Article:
The treatment of heart valve problems is always changing and improving as new techniques and devices are developed, tested, and approved. Talk with your doctor about the treatment options available to you, including the possibility of new treatments being tested in clinical trials. Click here to learn more about participating in a clinical, and click here for more information about how new treatments and technologies are tested and approved before they become available as treatment options.
Developments in Treating Aortic Valve Problems
One new development in the treatment of the aortic valve is called transcatheter aortic valve implantation (TAVI).
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Watch this animation to learn more about a new, less invasive procedure for replacing the aortic valve called transcatheter aortic valve implantation or TAVI. (Animation provided courtesy of Medtronic.)
In November 2011, the FDA approved the first transcatheter aortic valve for patients with severe aortic stenosis whose age and other risk factors prevent them from having open-heart surgery—the preferred method for replacing the aortic valve. The valve, called Sapien, was developed by Edwards Lifesciences and tested in the PARTNER clinical trial. Patients who received the valve in the trial had a better rate of survival from the disease after one year than patients who received other treatments, including valvuloplasty. They also experienced more relief from their symptoms.
Unfortunately, recipients of Sapien in the PARTNER trial also had a higher rate of stroke and other vascular problems. So, it is very important to discuss the risks and benefits of all possible treatments with your doctor. Download these important questions to ask your doctor if you are considering this procedure for yourself or someone you love.
Several other promising treatments are currently in the investigational stage but have not yet been approved by the Food and Drug Administration (FDA)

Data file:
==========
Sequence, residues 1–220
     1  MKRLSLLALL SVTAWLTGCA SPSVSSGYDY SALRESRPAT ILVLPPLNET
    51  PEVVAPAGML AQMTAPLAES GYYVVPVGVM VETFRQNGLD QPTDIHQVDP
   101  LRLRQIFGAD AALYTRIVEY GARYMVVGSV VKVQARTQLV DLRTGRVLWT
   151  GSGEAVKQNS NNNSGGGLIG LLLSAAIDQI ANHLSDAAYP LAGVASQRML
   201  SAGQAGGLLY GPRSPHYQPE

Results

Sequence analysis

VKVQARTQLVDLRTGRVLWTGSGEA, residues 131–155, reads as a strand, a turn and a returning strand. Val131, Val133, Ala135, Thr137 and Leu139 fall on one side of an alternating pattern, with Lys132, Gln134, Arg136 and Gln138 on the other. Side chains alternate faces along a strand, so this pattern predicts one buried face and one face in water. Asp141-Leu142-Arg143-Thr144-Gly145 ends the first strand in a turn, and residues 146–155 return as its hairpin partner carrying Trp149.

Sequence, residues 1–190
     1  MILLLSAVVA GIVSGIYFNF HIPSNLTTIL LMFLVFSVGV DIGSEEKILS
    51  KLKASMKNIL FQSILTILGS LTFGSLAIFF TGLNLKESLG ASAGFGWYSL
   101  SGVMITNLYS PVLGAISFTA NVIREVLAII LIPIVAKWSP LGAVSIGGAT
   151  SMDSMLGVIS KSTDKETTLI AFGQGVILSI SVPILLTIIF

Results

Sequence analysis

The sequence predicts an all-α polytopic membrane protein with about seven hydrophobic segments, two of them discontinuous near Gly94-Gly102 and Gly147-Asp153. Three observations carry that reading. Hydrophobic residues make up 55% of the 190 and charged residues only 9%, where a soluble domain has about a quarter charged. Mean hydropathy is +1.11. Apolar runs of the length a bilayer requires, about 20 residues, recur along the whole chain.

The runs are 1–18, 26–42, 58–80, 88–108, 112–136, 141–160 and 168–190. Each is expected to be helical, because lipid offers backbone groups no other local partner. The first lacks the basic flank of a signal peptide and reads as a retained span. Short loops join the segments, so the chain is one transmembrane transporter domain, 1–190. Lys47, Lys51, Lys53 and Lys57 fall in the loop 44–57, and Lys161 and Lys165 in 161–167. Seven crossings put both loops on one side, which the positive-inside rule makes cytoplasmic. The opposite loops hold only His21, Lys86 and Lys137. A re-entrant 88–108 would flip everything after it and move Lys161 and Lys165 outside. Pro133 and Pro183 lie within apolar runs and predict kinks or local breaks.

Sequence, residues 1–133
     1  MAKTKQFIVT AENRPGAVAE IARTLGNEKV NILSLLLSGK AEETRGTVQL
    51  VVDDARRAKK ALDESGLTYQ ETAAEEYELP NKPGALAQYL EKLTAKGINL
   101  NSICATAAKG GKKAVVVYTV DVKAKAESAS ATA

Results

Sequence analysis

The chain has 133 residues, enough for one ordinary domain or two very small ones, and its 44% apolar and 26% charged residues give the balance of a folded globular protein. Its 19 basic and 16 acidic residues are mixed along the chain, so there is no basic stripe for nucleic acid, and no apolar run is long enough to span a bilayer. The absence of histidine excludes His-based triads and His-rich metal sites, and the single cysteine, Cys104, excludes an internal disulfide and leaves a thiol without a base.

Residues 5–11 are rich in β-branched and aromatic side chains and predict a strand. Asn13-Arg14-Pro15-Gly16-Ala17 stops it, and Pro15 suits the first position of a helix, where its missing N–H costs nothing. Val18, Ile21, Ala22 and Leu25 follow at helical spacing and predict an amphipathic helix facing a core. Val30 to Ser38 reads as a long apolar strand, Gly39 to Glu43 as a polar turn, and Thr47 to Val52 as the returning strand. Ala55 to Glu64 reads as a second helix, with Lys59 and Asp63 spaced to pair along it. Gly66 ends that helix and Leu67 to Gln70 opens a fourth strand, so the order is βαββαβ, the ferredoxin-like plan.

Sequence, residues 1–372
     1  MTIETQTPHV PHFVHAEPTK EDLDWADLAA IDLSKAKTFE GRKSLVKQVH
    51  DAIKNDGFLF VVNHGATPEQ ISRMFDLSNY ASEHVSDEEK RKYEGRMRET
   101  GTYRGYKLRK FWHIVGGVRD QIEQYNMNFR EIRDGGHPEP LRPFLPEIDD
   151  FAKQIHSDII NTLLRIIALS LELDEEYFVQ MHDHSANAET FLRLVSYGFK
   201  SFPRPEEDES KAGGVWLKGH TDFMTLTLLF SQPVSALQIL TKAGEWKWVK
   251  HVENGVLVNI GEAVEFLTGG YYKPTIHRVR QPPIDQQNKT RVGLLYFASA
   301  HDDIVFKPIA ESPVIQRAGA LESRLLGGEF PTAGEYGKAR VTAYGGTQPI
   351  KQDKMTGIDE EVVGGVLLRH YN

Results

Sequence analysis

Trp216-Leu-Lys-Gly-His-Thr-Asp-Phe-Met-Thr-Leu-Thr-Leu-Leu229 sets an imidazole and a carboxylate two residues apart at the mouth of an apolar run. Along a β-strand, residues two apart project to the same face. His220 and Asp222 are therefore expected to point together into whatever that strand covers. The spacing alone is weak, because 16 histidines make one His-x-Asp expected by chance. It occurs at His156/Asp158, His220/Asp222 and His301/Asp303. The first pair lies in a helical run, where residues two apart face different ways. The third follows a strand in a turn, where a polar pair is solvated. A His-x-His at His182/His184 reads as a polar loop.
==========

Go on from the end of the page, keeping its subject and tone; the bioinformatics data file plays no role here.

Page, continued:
One innovative, less-invasive procedure for heart valve repair is a tiny clip called the MitraClip that has good one-year data for treating severe mitral valve regurgitation in patients for whom surgery was previously the only option or who were too sick for surgery. Data from a clinical research study called the Endovascular Valve Edge-to-edge REpair STudy (EVEREST II) High Risk Registry found that after one year, patients who underwent the experimental procedure had a survival rate of 75% versus a survival rate of 55% for patients who received medication only. Additionally, 74% of survivors after a year had no or only slight limitations on physical activity. (Click here to read more about the study's one-year findings.)
The MitraClip is a tiny clip that grasps the leaflets of the mitral valve to create two smaller openings in the leaky valve, rather than one large opening. This stops blood from regurgitating, or flowing backward. The clip is placed in the heart using a slender tube called a catheter. The catheter is threaded up to the heart through a vein in the groin. The clip is then moved into position directly over the center of the mitral valve's leaflets and put into place. Then the catheter is removed from the patient's body.
Currently the MItraClip is available to patients in the United States only if they are participating in research trials; however, it is another example of the types of procedures that could revolutionize heart valve procedures in the coming years.
For even more of what the future brings, click here for a preview from an expert on less invasive procedures that are currently under development for heart valve repair.